We have been conditioned over our lifetimes to simply pick ourselves up, dust ourselves off and carry on. The pace of our lives (particularly those of us living in the U.S.) demands it of us. We are not societally “given permission” to be with our grief. Even workplaces allow only 5 days maximum for bereavement of a close family member. After 5 days, most folks are barely coming out of the “shock phase” following the death of a loved one, let alone, fully experiencing and digesting the grief. But, no, I don’t think any of this is based in cruelty. We are simply conditioned to put ourselves back together, return to our “old selves” and move on.

However, we are not our old selves. We are changed by our losses. So, I think we owe it to ourselves and our loved ones to pause in the middle of our unconscious response and look for an antidote to wake us from our slumber… preferably one that can be taken individually and will then spread outward to the collective. The more each of us wakes up and stays present with experiences that are unpleasant, sad or scary, the more we can get comfortable with those emotions and hold space for ourselves, and those in our circles, experiencing them.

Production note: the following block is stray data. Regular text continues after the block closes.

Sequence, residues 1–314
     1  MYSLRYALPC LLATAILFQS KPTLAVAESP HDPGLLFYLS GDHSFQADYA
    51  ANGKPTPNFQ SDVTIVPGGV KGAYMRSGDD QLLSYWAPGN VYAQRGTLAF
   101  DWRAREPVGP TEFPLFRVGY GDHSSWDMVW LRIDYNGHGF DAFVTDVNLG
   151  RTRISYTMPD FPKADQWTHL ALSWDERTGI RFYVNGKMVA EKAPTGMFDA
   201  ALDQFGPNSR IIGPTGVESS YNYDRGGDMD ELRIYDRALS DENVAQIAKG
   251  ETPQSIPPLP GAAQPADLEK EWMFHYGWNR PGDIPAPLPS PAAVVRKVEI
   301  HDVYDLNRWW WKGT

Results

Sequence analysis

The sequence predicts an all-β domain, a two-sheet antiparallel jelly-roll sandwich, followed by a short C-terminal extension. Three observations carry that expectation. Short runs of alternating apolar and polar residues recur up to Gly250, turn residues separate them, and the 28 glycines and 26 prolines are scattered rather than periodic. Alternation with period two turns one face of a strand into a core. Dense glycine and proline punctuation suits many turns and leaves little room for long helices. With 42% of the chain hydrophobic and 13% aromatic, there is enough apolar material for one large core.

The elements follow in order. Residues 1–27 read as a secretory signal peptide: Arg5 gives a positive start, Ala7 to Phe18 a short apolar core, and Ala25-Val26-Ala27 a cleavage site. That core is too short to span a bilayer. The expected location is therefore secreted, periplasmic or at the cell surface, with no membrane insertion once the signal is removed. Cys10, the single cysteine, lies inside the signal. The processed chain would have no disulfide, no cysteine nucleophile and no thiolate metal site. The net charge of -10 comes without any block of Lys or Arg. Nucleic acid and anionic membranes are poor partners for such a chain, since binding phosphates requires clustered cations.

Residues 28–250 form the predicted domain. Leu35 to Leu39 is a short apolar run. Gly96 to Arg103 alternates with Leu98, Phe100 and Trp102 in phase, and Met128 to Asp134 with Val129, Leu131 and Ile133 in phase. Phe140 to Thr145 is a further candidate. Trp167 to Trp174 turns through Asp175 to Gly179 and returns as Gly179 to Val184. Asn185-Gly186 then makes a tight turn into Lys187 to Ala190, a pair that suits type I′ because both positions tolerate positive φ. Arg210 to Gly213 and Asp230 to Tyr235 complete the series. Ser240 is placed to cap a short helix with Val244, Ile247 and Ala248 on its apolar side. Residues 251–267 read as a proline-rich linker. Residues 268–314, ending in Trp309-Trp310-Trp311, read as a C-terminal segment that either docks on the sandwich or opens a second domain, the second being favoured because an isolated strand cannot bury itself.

A first step in that direction might be to raise our consciousness around one of the biggest things that scare us as individuals… our own death. Because if we can understand and embrace that fear, then I believe we’ll discover new inner space that can hold the grief and deaths of those we love. What a gift that would be when the time comes!

To help us break through the walls we’ve built around talking about death and dying, I offer a free course, called “Dying Consciously… Dying Wisely”.  My intention is to shine a light and bring more “knowing” into the realm of the “unknowable”, or for some the “unthinkable”, by sharing how holistic end of life planning can help us have a more conscious and wise death and as a bonus help our loved ones who will pass before us do the same.

Three opportunities are available over the next week for those ready to break the cycle of following our unconscious responses to our losses.  To reserve your seat for one of the classes listed below please visit www.GoldenHeartTransition.com/Classes:

  • Thursday, September 8th, @ 6:00p MT
  • Saturday, September 10st, @ 10:30a MT
  • Monday, September 12, @ 11:00 a.m.

If you have questions about this class or anything about end of life, please don’t hesitate to email me at [email protected]. All questions and feedback are welcome!

We can honor our individual and collective grief together if we can recognize our current level of unconsciousness while also acknowledging that we have a deep desire to bring more peace and joy for ourselves and others. Thank you in advance for considering this possibility!

Gratefully yours in love & light! Karen 💛

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Karen Keeran
GHT President & Founder